Tax Incentives for Solar Energy at Home
October 19, 2005
When President Bush signed the 2005 Energy Bill in August, few noticed what may turn out to be the bill’s most important provision – the first federal tax credits for residential solar energy in more than two decades.
Tucked within an otherwise uninspiring piece of legislation, the provision offers homeowners a tax credit equaling 30 percent of their cost for installing residential solar energy technology on their home, capped at $2,000. The credits apply to all residential solar systems installed by homeowners as of January 1, and expire two years later, at the end of 2007.
While a congressional conference committee stripped the original bill of its most forward-thinking provisions (such as a requirement for investor-owned utilities to produce 10 percent of their power from renewables by 2020), and larded the bill with billions of dollars of tax credits to the oil and coal industries, the remaining solar credits give consumers the tools to start building a renewable energy future in America on their own.
Since passage of the bill in August, Americans have witnessed continued instability in the Middle East, the disruption of domestic oil production by Hurricanes Katrina and Rita, and gas prices soaring toward $4 a gallon. The federal solar credit comes at just the right time for cash-strapped consumers, searching for ways to lower their overall energy bill, to plan for a future in which they generate their own energy and depend less on diminishing reserves of fossil fuels.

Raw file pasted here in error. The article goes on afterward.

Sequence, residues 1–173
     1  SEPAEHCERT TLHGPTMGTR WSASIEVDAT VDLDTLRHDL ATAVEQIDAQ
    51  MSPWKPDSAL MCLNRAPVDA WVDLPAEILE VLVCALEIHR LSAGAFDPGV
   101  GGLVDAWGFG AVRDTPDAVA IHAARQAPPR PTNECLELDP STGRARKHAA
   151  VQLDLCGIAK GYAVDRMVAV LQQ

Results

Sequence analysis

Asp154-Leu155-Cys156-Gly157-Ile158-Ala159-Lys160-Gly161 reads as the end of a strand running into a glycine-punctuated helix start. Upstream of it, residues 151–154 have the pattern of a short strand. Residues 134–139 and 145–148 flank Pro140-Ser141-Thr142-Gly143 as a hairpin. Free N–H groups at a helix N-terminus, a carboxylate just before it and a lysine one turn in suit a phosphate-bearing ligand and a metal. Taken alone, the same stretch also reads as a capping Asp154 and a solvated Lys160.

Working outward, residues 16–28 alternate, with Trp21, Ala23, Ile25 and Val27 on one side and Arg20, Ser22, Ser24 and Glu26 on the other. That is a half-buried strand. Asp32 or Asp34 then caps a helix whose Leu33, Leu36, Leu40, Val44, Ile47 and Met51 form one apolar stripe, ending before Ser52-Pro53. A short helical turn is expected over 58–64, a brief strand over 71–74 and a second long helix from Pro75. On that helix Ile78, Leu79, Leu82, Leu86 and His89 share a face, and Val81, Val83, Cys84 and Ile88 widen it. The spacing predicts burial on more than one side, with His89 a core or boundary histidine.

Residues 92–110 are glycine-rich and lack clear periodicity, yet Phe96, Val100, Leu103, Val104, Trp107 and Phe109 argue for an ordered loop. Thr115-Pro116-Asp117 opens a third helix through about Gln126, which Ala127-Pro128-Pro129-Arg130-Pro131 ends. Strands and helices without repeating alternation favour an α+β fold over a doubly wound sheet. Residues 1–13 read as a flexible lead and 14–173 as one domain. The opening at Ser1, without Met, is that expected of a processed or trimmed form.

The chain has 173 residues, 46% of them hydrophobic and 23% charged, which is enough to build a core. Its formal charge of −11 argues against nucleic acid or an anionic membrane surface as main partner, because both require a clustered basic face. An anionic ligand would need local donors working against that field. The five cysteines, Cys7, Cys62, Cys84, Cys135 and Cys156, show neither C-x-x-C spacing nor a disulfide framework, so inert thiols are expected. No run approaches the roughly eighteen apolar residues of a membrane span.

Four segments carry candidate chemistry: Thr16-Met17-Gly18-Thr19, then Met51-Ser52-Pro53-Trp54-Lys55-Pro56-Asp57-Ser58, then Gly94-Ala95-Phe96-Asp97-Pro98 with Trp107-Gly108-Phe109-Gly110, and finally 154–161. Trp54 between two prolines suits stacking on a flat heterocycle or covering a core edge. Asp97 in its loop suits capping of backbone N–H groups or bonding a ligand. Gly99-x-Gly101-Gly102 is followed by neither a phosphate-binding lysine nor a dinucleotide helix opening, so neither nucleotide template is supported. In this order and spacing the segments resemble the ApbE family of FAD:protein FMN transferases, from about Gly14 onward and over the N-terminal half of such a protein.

Evidence from other countries shows that when consumers get incentives to adopt renewables, use of solar technology soars. For example, while rooftop solar photovoltaic panels generated a total of only 340 megawatts in the United States in 2004, countries with robust government-sponsored incentive programs like Germany and Japan produced 790.3 megawatts and 1,100 megawatts respectively – with much smaller populations.
What’s more, the federal tax credit can be used in combination with state tax credits and rebates already in place. Depending on the state, those additional incentives can mean an additional savings up to $20,000 off a solar photovoltaic system’s cost, in the form of income tax credits, property tax exemptions, sales tax exemptions, and rebates. (A state-by-state breakdown of available incentives can be found online at the Database of State Incentives for Renewable Energy at www.dsireusa.org.)
Still, much more is needed, to create true energy security while preserving the environment. On October 7, Republicans in the House of Representatives passed a second Energy Bill, using the crisis of the Gulf Coast hurricanes to call for taxpayer-subsidized construction of new oil refineries with relaxed environmental standards on land that had previously been off-limits to such development. Though President Bush has endorsed the measure, a number of moderate House Republicans refused to vote for a bill that would encourage even greater dependence on an ever-diminishing resource, and it passed the majority-Republican House by only a single vote.
But starting January 1, homeowners across the country can embrace the most robust combined state and federal incentives ever offered for conversion to solar energy, sending a message to their elected officials that they’re ready for real national investment in renewables, and a transition away from the fossil fuels that threaten our environment, our national security, and the stability of our economy.
Through use of the federal solar energy credit, consumers can clearly communicate their refusal to accept an energy policy that continues to depend on oil, as they stand with the millions of citizens in Germany and Japan who are already showing the world that the renewable energy future is now.